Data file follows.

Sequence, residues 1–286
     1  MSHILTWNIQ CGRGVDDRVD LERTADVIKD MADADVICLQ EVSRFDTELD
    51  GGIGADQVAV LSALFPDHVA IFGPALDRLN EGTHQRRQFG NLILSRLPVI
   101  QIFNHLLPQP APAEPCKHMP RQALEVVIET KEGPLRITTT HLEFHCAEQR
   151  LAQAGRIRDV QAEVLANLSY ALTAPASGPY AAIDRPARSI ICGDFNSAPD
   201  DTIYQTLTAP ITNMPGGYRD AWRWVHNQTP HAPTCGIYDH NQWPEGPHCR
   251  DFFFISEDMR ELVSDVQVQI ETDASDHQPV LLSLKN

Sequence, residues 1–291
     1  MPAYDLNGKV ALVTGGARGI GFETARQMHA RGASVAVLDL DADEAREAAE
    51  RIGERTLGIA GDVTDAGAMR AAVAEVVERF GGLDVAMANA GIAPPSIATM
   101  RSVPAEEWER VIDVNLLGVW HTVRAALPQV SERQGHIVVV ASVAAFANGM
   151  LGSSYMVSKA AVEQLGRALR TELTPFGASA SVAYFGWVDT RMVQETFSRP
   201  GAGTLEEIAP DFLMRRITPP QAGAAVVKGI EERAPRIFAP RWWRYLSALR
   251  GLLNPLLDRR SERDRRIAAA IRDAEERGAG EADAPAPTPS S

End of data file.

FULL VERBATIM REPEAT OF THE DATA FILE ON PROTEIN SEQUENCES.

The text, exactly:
Sequence, residues 1–286
     1  MSHILTWNIQ CGRGVDDRVD LERTADVIKD MADADVICLQ EVSRFDTELD
    51  GGIGADQVAV LSALFPDHVA IFGPALDRLN EGTHQRRQFG NLILSRLPVI
   101  QIFNHLLPQP APAEPCKHMP RQALEVVIET KEGPLRITTT HLEFHCAEQR
   151  LAQAGRIRDV QAEVLANLSY ALTAPASGPY AAIDRPARSI ICGDFNSAPD
   201  DTIYQTLTAP ITNMPGGYRD AWRWVHNQTP HAPTCGIYDH NQWPEGPHCR
   251  DFFFISEDMR ELVSDVQVQI ETDASDHQPV LLSLKN

Sequence, residues 1–291
     1  MPAYDLNGKV ALVTGGARGI GFETARQMHA RGASVAVLDL DADEAREAAE
    51  RIGERTLGIA GDVTDAGAMR AAVAEVVERF GGLDVAMANA GIAPPSIATM
   101  RSVPAEEWER VIDVNLLGVW HTVRAALPQV SERQGHIVVV ASVAAFANGM
   151  LGSSYMVSKA AVEQLGRALR TELTPFGASA SVAYFGWVDT RMVQETFSRP
   201  GAGTLEEIAP DFLMRRITPP QAGAAVVKGI EERAPRIFAP RWWRYLSALR
   251  GLLNPLLDRR SERDRRIAAA IRDAEERGAG EADAPAPTPS S